Table of Contents
- Labradoodle Overview
- The Predictability of the Breed
- Coat Discrepancies in Labradoodles
- Allergies to Dogs
- Puppy Mills and Labradoodles
- Labradoodle History
- Breed Sizing of the Labradoodle
- Labradoodle: Understanding Personality Traits
- Temperament Guidelines for the Labradoodle
- Labradoodle Health Conditions
- Overall Care for a Labradoodle
- Labradoodle Dog Breed Summary
It shouldn't be surprising that a Labradoodle gained a lot of popularity quickly. These dogs were initially bred as hypoallergenic guide dogs, as the first planned crosses of a Labrador Retriever and Poodle.
These pups were arranged by the Royal Guide Dogs Association of Australia. This hybrid resulted in a highly intelligent and friendly dog that offered a low-shedding coat.
Although the combination doesn't provide consistent results in temperament or coat, they're affectionate canines that remain popular.
As these dogs occasionally end up in rescues or shelters, always try to adopt a labradoodle when possible.
This “designer” pup became well known quickly with this extreme popularity. As this pup was bred to become a hypoallergenic service dog, the Labradoodle rapidly proved it could consistently help as a therapy dog while tapping into a versatile family dog.
The Labradoodle is always happiest when surrounded by the people they love, wanting to shower their family with devotion and affection.
This breed holds the energy of a Labrador Retriever and maintains the work ethic of both parents (Labrador and Poodle). Essentially, these pups might quickly become the most popular mixed breed for their versatility.
The Labradoodle approaches life head-on, maintaining breakneck speeds with almost unmatchable enthusiasm.
These pups do require a bit of training to help teach your new companion the best doggy etiquette. The Labradoodle is relatively easy to train, with high levels of intelligence and an eagerness to please.
These breeds often do well with other dogs and pets in the home. Labradoodles are reasonably good with children.
Due to their size and rather exuberant nature, they may unintentionally injure a small child through their boisterous personality.
Typically, these dogs make excellent pets for first-time dog owners.
The Labradoodle can be quiet and calm, curling up on your feet, but remain ready to jump into action playing a game of fetch at a moment's notice. These dogs are not ideal for guarding, although they will regularly alert bark.
Unfortunately, these dogs will almost always encourage an intruder to come to play with them instead of keeping them out.
The Predictability of the Breed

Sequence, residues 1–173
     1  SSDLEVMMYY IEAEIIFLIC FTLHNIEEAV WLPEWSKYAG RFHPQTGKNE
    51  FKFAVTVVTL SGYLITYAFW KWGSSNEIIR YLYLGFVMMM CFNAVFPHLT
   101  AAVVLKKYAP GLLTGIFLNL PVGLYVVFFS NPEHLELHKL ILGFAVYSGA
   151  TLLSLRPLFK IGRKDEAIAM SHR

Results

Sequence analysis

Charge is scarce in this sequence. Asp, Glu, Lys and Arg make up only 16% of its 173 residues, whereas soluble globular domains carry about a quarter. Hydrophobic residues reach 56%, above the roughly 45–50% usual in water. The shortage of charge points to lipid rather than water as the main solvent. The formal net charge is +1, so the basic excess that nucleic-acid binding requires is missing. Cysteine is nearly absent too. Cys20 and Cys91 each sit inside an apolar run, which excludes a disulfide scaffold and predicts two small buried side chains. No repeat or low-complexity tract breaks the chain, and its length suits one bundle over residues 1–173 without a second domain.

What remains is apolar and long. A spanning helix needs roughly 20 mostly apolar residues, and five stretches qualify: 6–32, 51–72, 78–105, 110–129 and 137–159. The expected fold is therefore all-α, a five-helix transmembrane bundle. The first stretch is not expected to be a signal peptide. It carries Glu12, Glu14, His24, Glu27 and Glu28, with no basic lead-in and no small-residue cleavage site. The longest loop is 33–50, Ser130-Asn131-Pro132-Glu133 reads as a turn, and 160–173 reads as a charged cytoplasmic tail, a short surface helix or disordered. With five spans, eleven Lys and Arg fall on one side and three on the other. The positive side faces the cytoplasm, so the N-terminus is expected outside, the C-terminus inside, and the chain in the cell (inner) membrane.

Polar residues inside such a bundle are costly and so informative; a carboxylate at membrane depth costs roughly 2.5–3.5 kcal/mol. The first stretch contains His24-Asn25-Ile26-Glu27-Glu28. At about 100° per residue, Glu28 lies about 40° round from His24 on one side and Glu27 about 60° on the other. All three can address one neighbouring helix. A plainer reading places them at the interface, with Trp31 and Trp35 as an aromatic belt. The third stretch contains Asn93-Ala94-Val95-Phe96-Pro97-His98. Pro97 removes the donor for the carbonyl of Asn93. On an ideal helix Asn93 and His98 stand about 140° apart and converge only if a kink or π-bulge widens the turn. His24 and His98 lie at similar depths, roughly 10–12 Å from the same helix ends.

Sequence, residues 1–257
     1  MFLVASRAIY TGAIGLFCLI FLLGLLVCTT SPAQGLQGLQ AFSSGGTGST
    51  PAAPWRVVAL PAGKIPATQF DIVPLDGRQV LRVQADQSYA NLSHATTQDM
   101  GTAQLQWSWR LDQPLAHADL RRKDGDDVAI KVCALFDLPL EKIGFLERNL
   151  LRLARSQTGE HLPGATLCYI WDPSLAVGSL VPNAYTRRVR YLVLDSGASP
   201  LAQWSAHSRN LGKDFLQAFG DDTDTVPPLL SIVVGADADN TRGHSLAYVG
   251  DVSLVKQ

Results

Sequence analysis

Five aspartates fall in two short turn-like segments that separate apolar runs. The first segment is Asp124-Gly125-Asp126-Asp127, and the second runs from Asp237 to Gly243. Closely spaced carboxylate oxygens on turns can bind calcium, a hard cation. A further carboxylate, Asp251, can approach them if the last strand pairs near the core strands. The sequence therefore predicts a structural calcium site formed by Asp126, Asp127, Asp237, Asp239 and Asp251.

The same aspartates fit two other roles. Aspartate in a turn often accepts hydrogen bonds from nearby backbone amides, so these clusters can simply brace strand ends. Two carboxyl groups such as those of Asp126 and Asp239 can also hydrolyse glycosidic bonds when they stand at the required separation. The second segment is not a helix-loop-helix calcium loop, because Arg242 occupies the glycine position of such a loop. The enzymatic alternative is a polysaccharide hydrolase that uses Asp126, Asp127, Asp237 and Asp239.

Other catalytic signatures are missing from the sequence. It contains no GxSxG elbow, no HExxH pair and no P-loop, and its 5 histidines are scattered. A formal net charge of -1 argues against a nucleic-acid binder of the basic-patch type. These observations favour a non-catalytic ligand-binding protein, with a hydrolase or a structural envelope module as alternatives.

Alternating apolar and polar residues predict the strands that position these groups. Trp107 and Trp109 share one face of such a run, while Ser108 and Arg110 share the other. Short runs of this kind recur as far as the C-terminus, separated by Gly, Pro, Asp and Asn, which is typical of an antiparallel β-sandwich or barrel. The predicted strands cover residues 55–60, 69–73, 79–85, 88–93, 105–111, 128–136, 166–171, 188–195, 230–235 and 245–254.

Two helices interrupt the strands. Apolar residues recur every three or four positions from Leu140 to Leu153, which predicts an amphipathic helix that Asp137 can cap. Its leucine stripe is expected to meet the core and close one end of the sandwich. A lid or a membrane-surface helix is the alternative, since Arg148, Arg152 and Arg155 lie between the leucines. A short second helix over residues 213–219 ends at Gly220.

Although many aspects of Labradoodles are lovely, most dogs fall short of the Royal Guide Dogs Association of Australia's initial intent.
For instance, the most significant problem with Labradoodles at this time is the lack of consistency in any offspring.
These breeding inaccuracies occur when a Poodle is bred to Labs, or two Labradoodles are bred together. Unfortunately, this also includes the ability to use the breed as a guide dog.
With purebreds, many dogs hold specific characteristics that all breeds have in common: individual personalities. For instance, a border collie is going to herd something by instinct.
But, even with generational breeding, it seems Labradoodles lack the same consistency. Due to the hybrid's popularity, the breeding holds further inconsistencies.
Unethical or careless breeding can add to this unpredictability. This usually happens particularly with irresponsible breeders unfamiliar with sound breeding practices
A few Labradoodles mimic the personalities of the Poodle. They bring more reserved, quiet natures with grand intelligence.
These dogs hold a high-maintenance coat that requires frequent and regular grooming.
A few poodles are excellent watchdogs, with some Labradoodles following suit. On the other hand, many Labradoodles follow a Labrador personality.
These pups are slow to mature, prone to shedding, and maintain a naturally goofy nature.
Coat Discrepancies in Labradoodles
These coat differences are often the most significant discrepancy to arise between owners. The labradoodle was intended to remain low shedding (as the Poodle coat).
It's still common to have multiple coat variations, along with discrepancies in the litter size. A few owners were forced to give up their pup because of shedding, inflicting symptoms because of the shedding.